The EU’s shameful crusade against Hungary
Hungary is being punished for one reason only: it takes its sovereignty seriously.
Sociologist and social commentator
For some time now, Hungary has been the target of a witch-hunt led by an alliance of Euro-federalists and cosmopolitan politicians. The aim of their propaganda campaign has been to delegitimise the Hungarian government by portraying it as a xenophobic, quasi-fascist entity that threatens to undermine democracy across the continent of Europe.
This campaign of vilification against Hungary has to some extent proved successful. Hence a significant section of the European Parliament voted today to punish Hungary. For the first time ever, this institution has unleashed the EU disciplinary process, known as Article 7, against a member state.
The anti-Hungary motion passed by EU parliamentarians is based on a report by a Dutch parliamentarian, Judith Sargentini. Anyone reading this report without being familiar with the real situation in Hungary would indeed be horrified by the picture it paints. According to Sargentini, freedom and democracy are under threat in Hungary; she and others insist Hungary has become a human-rights disaster area.
In truth, Hungary is nothing like the horror story promoted in the Sargentini Report. Like other countries it has its share of problems, of course. Some of the policies pursued by Viktor Orban’s government can be criticised. However, for all these problems, Hungary is no less democratic and no less free than other European nation states.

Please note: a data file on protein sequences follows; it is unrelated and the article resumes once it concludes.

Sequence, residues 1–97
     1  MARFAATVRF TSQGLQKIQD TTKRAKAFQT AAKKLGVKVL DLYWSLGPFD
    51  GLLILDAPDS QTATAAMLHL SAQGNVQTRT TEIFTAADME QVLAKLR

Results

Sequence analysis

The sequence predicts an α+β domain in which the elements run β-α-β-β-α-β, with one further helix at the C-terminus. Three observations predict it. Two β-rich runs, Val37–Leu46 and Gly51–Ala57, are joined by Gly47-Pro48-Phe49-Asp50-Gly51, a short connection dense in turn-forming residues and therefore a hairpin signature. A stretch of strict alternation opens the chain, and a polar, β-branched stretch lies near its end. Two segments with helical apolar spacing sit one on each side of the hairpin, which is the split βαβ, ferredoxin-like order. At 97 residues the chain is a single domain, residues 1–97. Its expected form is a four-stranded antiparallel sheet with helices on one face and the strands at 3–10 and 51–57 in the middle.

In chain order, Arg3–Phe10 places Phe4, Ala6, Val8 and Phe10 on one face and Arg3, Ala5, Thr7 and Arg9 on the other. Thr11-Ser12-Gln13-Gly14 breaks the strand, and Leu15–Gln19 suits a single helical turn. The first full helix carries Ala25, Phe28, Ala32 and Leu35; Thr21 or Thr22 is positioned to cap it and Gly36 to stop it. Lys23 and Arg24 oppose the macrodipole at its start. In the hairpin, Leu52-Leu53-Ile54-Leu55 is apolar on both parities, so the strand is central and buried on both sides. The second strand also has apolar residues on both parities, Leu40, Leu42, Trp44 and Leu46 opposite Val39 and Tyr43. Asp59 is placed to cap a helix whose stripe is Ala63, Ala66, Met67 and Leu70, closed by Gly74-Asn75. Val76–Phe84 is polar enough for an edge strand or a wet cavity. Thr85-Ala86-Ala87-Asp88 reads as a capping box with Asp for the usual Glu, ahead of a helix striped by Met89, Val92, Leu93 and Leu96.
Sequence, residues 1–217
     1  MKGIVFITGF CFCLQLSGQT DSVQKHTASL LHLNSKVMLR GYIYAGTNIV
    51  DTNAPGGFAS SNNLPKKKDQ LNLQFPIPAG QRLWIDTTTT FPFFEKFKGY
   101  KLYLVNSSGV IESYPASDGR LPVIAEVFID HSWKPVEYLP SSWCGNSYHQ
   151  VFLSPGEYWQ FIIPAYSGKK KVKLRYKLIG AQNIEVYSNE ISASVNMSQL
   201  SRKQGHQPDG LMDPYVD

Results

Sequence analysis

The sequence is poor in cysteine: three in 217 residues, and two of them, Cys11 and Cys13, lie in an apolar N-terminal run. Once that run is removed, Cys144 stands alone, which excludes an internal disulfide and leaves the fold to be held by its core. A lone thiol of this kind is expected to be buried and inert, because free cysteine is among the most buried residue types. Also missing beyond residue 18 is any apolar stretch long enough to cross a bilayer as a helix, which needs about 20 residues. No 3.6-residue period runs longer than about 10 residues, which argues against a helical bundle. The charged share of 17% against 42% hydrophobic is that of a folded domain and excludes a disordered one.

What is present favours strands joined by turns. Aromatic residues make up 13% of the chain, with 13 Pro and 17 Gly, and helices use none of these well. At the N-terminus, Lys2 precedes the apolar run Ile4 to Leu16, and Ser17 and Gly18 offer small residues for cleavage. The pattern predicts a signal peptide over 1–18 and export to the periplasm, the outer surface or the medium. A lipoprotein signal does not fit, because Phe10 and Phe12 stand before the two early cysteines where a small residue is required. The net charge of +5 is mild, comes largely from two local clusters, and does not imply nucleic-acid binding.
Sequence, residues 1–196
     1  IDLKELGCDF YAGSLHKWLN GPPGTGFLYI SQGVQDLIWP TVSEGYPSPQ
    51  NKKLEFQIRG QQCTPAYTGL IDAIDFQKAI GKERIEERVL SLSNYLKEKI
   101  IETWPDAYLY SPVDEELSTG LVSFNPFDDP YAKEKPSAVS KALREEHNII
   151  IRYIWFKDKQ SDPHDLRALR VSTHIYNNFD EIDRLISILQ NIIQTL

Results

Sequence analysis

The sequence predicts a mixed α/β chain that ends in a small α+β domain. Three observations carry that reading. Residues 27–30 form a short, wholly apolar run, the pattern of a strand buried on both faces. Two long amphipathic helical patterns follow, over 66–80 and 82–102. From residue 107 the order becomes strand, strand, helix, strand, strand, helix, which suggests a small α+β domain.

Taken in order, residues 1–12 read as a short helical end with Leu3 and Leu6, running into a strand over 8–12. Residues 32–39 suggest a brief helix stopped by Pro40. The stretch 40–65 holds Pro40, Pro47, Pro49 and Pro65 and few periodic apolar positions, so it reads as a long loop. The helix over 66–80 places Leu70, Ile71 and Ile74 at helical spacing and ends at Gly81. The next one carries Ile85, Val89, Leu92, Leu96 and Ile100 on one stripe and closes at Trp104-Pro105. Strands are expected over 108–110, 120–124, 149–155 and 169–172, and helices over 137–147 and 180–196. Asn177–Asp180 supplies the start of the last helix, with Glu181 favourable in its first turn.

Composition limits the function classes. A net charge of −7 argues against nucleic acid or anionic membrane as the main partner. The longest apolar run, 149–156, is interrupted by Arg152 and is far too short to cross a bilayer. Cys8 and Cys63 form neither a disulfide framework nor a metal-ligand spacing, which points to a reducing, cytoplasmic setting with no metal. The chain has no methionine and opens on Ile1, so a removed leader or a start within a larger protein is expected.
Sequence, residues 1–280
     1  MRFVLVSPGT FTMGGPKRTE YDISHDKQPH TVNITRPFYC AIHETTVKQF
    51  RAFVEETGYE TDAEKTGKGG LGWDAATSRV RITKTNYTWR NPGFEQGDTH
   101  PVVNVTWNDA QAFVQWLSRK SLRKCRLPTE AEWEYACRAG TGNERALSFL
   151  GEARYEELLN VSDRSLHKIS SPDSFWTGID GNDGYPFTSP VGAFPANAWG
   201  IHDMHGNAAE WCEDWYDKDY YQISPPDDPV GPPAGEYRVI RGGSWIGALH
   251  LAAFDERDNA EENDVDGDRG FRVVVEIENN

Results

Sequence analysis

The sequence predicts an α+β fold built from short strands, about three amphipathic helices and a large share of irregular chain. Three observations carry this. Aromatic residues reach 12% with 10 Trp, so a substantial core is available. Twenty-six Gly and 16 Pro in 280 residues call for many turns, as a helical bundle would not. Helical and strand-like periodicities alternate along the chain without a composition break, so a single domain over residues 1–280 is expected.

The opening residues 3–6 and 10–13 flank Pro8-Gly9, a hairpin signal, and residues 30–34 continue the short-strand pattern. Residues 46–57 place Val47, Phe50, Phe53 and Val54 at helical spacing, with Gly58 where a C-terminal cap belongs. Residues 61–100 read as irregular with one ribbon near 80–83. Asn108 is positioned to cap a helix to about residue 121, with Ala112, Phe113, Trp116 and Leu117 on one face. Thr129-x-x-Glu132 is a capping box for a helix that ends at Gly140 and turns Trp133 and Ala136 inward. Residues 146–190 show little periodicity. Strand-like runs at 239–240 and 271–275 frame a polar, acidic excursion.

In line with the current political fashion, Hungary stands accused of failing to respect the rights of its Roma and Jewish minorities. This accusation is fundamentally flawed. Yes, Roma people face considerable socioeconomic problems in Hungary, but their position is far better than it was under the previous Socialist regime. In fact, the current government is the first to send a Roma woman to the European parliament.
If the prevalence of anti-Semitism in a nation is going to be the criterion by which we judge a government, then the Hungary should come way behind France, Britain, Germany, Belgium and Sweden. In France and Belgium, Jewish restaurants are often guarded by the police; there is no need for that in Budapest. In Berlin, Jews wearing kippahs face threats and even violence. Not in Budapest. Jewish life and culture is flourishing in Hungary, and the government has a robust zero-tolerance policy towards anti-Semitism.
So why the mean-spirited anti-Hungarian polemics? Why hold Hungary to a different standard to that which is applied to other European countries? The driving force of this anti-Hungarian crusade is a fear that Hungary’s strong affirmation of its sovereignty and national values will encourage people in other parts of Europe to follow suit. The Hungarian government’s values are very different to the technocratic outlook of the EU federalists. The best way to describe the Hungarian government’s outlook is conservative, traditional and Christian. It is also democratic and very human. These are values that the EU oligarchy is determined to abolish, to erase from the European landscape and history, in order that it might replace them with its own technocratic cosmopolitan outlook.
There is no need for Europeans to sign up to the values of the Hungarian government, of course. But if you are genuinely democratic and tolerant and believe in pluralism, you will uphold the right of a nation to live according to its values, and you will be very worried indeed when powerful external institutions seek to punish a nation for doing so. The EU parliamentarians who voted to punish Hungary should be ashamed of themselves. They have betrayed the real values of Europe: those values of humanism and tolerance that were best expressed by the Renaissance and Enlightenment thinkers.
Frank Furedi’s new book, How Fear Works: The Culture of Fear in the 21st Century, is published by Bloomsbury Press.
Picture by: Getty